1. Malik K. Cutlar
    2. Michael S. Haber
    3. Hayley R. Greenberg
    4. Eric L. Pines
    4 lawyer answers

    Generally, if you have violated an employer's work policy and are fired based upon violation of that policy, you will not have a valid claim unless you can show that others in your position (or very similar employee position) violated the same policy and were not disciplined in the same manner; AND the difference in treatment was based upon an illegal classification such as race, gender, age, national origin, etc. Personality conflicts or favoritism that does not relate to one of the...

  7. I am always getting served with disciplinarian letters from my employer can this be considered harassment?

    Answered almost 4 years ago.

    1. Malik K. Cutlar
    2. Locksley O'Sullivan Wade
    2 lawyer answers

    Generally, harassment in the context of employment cases must be based upon an employee's race, gender, religion, or some other protected category. In addition, the harassment must be severe and pervasive. Three disciplinary letters for absenteeism and lateness over a three month period would probably not be severe or pervasive -- even if you are being singled out as compared to others who have been absent or late. In addition, if you were on paid medical leave for your injuries, as opposed...

  8. Can my soon-to-be ex employer withhold commission on sales orders signed by the customer and booked, but just awaiting shipment?

    Answered over 3 years ago.

    1. Malik K. Cutlar
    1 lawyer answer

    When a commission is "earned" usually depends upon the language in the commission plan, and whether there have been court rulings that define when a commission is earned regardless of what is in the commission plan. From your description, the commission is earned only when the units ship. Perhaps that is in the plan because before shipment a customer may be able to cancel the order due to delayed shipment or some other reason. I do not know if that is the case, but it may be the rationale...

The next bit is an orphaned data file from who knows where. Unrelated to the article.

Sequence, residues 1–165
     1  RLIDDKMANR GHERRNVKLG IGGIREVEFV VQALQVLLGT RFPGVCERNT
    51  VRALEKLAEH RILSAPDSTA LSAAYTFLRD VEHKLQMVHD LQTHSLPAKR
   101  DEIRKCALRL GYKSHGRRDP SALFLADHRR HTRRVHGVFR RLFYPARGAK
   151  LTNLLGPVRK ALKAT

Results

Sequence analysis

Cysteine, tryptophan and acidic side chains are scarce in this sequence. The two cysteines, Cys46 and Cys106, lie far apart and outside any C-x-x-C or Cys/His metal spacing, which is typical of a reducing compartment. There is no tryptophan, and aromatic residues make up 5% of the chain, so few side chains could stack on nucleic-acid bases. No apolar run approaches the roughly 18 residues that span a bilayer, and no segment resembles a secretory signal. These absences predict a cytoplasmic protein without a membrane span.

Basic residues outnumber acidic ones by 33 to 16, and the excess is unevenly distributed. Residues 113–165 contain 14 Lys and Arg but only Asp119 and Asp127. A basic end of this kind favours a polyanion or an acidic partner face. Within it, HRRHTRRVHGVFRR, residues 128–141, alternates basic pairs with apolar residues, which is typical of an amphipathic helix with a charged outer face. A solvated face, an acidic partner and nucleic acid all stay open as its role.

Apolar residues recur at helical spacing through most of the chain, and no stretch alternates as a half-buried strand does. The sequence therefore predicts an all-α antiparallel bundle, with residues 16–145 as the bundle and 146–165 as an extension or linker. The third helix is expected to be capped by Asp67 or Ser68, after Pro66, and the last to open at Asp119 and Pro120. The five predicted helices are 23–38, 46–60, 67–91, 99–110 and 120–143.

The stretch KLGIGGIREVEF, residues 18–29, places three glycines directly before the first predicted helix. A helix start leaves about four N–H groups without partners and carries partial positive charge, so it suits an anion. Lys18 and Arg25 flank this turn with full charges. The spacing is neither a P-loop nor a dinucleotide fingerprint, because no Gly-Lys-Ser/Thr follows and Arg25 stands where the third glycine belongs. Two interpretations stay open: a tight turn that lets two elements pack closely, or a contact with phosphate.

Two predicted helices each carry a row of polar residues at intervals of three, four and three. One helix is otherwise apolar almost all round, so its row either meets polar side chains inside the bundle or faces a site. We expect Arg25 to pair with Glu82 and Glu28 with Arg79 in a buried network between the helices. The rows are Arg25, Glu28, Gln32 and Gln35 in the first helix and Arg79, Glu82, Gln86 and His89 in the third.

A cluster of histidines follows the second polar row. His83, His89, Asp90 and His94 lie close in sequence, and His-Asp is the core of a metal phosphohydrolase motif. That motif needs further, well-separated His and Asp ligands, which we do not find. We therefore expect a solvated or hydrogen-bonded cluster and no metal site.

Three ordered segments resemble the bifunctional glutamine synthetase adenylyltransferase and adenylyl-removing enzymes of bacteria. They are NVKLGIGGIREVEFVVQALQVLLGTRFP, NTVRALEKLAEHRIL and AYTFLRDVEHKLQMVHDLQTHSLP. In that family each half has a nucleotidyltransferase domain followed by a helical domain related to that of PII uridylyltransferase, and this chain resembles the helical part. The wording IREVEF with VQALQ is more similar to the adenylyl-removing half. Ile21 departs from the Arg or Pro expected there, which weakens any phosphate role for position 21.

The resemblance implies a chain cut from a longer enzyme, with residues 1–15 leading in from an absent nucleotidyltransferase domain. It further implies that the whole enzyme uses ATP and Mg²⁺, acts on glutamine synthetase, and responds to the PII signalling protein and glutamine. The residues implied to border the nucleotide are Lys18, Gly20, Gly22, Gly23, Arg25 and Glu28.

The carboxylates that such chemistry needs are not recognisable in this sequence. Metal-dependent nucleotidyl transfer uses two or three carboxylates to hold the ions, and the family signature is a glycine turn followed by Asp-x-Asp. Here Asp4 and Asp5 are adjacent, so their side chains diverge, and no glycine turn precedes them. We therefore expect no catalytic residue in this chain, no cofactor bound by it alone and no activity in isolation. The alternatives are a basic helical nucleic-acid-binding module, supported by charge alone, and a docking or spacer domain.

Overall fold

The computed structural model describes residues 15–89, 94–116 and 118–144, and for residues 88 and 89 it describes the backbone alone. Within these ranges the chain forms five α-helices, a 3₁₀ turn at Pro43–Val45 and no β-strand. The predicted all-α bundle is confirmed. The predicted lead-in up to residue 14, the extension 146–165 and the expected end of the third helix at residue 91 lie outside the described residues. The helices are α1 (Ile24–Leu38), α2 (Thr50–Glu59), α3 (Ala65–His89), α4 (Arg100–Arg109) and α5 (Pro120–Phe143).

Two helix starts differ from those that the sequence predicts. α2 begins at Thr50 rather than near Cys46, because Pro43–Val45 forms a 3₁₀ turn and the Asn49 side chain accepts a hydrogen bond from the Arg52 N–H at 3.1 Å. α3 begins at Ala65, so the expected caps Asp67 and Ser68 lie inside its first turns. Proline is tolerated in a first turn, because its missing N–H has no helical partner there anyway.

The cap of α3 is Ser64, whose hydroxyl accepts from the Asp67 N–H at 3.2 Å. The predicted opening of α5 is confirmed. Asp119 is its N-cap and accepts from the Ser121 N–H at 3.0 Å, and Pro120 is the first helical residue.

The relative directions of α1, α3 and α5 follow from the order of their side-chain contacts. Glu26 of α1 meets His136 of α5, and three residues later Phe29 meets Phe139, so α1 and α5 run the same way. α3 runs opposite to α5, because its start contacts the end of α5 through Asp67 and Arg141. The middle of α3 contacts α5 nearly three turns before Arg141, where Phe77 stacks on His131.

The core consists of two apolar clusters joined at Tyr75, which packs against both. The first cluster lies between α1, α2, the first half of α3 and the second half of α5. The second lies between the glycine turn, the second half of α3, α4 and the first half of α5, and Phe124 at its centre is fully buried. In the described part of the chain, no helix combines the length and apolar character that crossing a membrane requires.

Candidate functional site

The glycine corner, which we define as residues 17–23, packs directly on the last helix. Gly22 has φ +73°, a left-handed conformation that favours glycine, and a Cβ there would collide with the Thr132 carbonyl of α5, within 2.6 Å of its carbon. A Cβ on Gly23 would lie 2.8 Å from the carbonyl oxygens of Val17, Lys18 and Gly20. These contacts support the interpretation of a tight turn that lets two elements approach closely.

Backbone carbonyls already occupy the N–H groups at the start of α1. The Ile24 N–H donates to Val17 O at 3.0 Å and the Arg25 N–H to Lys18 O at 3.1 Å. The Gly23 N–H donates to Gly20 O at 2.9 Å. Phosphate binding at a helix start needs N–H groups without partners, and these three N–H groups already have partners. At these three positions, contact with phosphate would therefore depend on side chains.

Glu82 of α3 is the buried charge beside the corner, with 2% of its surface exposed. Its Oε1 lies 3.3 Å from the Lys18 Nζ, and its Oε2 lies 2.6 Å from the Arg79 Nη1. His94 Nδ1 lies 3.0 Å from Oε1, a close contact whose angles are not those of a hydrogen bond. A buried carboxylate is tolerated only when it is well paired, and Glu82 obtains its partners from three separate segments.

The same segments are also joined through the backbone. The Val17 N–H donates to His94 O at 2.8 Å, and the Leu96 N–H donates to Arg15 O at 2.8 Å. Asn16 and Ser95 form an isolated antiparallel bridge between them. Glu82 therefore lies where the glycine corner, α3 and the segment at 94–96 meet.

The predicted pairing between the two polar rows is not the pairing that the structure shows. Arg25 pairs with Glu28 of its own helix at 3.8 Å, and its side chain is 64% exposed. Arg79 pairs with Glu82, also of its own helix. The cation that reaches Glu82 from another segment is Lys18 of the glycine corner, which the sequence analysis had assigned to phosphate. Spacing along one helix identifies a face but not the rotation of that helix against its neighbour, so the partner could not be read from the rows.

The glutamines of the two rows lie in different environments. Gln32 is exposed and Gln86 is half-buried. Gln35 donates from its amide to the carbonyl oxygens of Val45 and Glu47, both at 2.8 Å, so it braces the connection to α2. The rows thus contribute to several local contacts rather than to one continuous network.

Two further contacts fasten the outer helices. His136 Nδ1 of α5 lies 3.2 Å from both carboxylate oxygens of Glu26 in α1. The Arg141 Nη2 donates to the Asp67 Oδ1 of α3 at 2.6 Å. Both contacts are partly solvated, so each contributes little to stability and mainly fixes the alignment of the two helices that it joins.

1 person marked this answer as helpful

  9. What are the differences between criminal prosecution of theft and a civil suit for conversion?

    Answered over 3 years ago.

    1. Charles Joseph Michael Candiano
    2. Malik K. Cutlar
    2 lawyer answers

    With a criminal prosecution, the case is brought by a state or county office authorized to file criminal cases against individuals on behalf of the public. In order to prove that the person prosecuted is responsible for the theft, the prosecutor's office will have to present evidence that will convince the judge or jury (almost all defendant's opt for a jury trial) beyond a reasonable doubt. A civil case of conversion is usually brought by an individual plaintiff against a defendant, and the...

  10. Can I to resign from my job due to it being a hostile work environment, stress on me and still recieve unemployment benefits?

    Answered over 3 years ago.

    1. Malik K. Cutlar
    1 lawyer answer

    Generally, a person who resigns from a job is not entitled to unemployment compensation. The determination as to whether you are in a legally recognizable hostile work environment will come long after you have applied for, and likely been denied, unemployment compensation. Unemployment offices generally just look at whether a person resigned (no benefits) or was fired (possible benefits); and if the firing was for any sort of misconduct, then the benefits may be denied on that basis. However,...